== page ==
ISIL defies air strikes by shelling Kobane

ISIL defies air strikes by shelling Kobane

ISIL defies air strikes by shelling Kobane

In this Tuesday, Sept. 23 photo provided by the US Air Force, a F-15E Strike Eagle receives fuel from a KC-135 Stratotanker over northern Iraq after conducting airstrikes in Syria. US coalition-led warplanes struck ISIL militants near the northern Syrian town of Kobane. AP Photo

New U.S.-led air strikes against fighters of the Islamic State in Iraq and the Levant (ISIL) failed to stop them from pressing their assault on a strategic Syrian town near the Turkish border on Sept. 27, hitting it with shell fire for the first time.

The U.S. Central Command (Centcom) said the air strikes destroyed an ISIL building and two armed vehicles near the border town of Kobane, which the insurgents have been besieging for the past 10 days.

It said an airfield, garrison and training camp near the ISIL stronghold of Raqqa were also among the targets damaged in seven air strikes conducted by the United States, Saudi Arabia, Jordan and the United Arab Emirates, using fighter planes and remotely piloted aircraft.

Three air strikes in Iraq destroyed four ISIL armed vehicles and a "fighting position" southwest of Arbil, Centcom said. Two British fighter jets also flew over Iraq, a day after the UK parliament authorised bombing raids against ISIL militants there, but used the mission to gather intelligence rather than carry out air strikes, the ministry of defence said.

Since capturing swathes of territory in both Syria and Iraq, ISIL has proclaimed an Islamic "caliphate", beheaded Western hostages and ordered Shiites and non-Muslims to convert or die. Its rise has prompted President Barack Obama to order U.S. forces back into Iraq, which they left in 2011, and to go into action over Syria for the first time.

The U.S. military has been carrying out strikes in Iraq since Aug. 8 and in Syria, with the help of Arab allies, since Tuesday, in a campaign it says is aimed at "degrading and destroying" the militants.

Al-Qaeda's affiliate in Syria, which lost scores of fighters in the first day of strikes there, accused Washington and its allies of waging "war against Islam" and said they would be targeted by jihadists around the world.

The Syrian Observatory for Human Rights, a monitoring group that supports opposition forces fighting Syrian President Bashar al-Assad, said air strikes set off more than 30 explosions in Raqqa.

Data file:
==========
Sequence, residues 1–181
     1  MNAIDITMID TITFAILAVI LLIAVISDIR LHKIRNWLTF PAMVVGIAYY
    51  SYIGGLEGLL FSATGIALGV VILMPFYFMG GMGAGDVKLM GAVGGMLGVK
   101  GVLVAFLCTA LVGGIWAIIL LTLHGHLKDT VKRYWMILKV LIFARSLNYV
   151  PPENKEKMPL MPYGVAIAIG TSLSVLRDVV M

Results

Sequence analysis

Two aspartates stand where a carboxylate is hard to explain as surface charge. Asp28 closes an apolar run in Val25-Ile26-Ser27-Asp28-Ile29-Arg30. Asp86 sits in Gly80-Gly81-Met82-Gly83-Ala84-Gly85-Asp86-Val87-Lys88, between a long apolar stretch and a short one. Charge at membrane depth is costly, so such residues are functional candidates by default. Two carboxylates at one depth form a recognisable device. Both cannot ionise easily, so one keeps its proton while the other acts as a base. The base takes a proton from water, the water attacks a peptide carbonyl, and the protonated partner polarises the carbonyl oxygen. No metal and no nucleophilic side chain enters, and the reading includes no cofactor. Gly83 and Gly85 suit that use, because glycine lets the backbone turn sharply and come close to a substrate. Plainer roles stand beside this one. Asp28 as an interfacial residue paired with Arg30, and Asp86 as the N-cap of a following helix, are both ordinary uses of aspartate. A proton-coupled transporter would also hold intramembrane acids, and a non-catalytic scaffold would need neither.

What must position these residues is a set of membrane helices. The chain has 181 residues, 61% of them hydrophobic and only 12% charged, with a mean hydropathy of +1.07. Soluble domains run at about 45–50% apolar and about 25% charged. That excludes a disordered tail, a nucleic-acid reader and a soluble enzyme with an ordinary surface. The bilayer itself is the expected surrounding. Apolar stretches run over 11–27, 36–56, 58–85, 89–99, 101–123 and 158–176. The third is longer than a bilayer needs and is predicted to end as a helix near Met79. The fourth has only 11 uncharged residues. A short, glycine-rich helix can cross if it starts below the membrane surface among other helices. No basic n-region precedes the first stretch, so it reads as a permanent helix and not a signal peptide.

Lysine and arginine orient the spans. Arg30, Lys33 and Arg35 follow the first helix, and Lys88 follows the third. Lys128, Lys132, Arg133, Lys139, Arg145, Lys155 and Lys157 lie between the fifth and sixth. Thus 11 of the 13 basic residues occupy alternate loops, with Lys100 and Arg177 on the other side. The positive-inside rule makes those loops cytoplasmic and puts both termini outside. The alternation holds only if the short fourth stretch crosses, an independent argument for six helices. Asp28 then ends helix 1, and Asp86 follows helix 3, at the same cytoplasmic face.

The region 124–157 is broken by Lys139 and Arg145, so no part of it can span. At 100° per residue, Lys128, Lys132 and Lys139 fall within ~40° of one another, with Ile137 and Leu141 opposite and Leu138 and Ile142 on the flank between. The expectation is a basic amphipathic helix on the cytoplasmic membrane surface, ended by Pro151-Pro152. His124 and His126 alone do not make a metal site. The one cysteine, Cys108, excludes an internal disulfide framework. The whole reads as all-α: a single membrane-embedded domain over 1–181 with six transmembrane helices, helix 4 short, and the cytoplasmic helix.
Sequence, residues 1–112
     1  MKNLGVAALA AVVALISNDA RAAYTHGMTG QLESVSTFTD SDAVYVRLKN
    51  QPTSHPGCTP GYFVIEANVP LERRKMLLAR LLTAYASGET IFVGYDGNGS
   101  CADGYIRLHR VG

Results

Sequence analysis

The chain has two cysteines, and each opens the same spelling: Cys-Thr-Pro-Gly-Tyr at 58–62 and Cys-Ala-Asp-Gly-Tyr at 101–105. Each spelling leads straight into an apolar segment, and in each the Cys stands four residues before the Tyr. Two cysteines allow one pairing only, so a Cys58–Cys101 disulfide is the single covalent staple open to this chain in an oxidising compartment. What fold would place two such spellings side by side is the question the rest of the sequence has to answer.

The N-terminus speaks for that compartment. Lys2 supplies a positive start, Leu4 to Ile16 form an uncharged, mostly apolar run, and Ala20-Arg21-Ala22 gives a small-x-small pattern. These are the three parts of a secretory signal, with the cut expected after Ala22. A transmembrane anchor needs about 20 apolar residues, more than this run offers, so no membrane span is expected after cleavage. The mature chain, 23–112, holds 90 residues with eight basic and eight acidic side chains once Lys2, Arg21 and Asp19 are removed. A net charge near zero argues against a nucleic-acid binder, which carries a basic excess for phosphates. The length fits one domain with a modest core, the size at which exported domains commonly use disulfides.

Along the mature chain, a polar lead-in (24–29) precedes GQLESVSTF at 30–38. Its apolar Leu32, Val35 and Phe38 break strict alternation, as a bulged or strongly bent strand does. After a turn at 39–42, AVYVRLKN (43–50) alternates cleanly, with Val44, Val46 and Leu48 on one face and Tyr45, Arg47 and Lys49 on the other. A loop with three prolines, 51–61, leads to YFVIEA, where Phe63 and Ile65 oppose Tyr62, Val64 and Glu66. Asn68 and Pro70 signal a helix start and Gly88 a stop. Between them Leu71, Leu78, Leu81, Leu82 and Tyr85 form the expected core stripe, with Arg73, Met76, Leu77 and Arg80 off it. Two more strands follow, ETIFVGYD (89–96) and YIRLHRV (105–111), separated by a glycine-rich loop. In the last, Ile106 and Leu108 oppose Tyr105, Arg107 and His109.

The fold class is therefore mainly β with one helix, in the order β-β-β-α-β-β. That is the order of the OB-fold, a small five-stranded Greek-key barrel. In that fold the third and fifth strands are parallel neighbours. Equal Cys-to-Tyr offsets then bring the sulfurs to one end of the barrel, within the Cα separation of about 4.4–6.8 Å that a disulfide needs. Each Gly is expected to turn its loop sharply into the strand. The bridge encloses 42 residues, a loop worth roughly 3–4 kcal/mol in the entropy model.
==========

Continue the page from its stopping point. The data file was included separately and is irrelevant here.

Rami Abdulrahman, who runs the British-based Observatory, said 23 ISIL fighters were killed. He said the heaviest casualties were inflicted in attacks on an airport.

But the monitoring group said ISIL was still able to shell eastern parts of Kobani, wounding several people. It said that ISIL fighters had killed 40 Kurdish militia in the past five days in their battle for the town, including some who were killed by a suicide bomber who drove into its outskirts in a vehicle disguised to look as though it was carrying humanitarian aid.

The insurgents' offensive against the Kurdish town, also known as Ayn al-Arab, has prompted around 150,000 refugees to pour across the border into Turkey since last week.
Turkish officials near the Syrian border said ISIL fighters battling Kurdish forces for Kobane sent four mortar shells into Turkish territory, wounding two people.

One of the shells hit a minibus near Tavşanlı, a Turkish village within sight of Kobani. A large hole was visible in the rear of the vehicle.

"Two people were injured in the face when the minibus was hit. If they'd been 3 metres (10 feet) closer to the car, many people would have died," said Abuzer Kelepçe, a provincial official from the Peoples' Democratic Party.

Heavy weapons fire was audible, and authorities blocked off the road towards the border. "The situation has intensified since the morning. We are not letting anyone through right now because it is not secure at all. There is constant fighting, you can hear it," the official said.

Kobane sits on a road linking north and northwestern Syria. ISIL militants were repulsed by local forces, backed by Kurdish fighters from Turkey, when they tried to take it in July, and that failure has so far prevented them from consolidating their gains in the region.
Coalition widens

Syria's government, which in the past accused its opponents of being Western agents trying to topple Assad, has not objected to the U.S.-led air strikes, saying it was informed by Washington before they began.

It too has carried out air strikes across the country, including in the east, and its ground forces have recaptured the town of Adra, northeast of Damascus, tightening Assad's grip on territory around the capital.

But Russia has questioned the legality of U.S. and Arab state air strikes in Syria because they were carried out without the approval of Damascus, Moscow's ally.

General Martin Dempsey, chairman of the U.S. Joint Chiefs of Staff, said on Friday that this week's strikes in Syria had disrupted Islamic State's command, control and logistics capabilities. But he said a Western-backed opposition force of 12,000 to 15,000 would be needed to retake areas of eastern Syria controlled by the militants.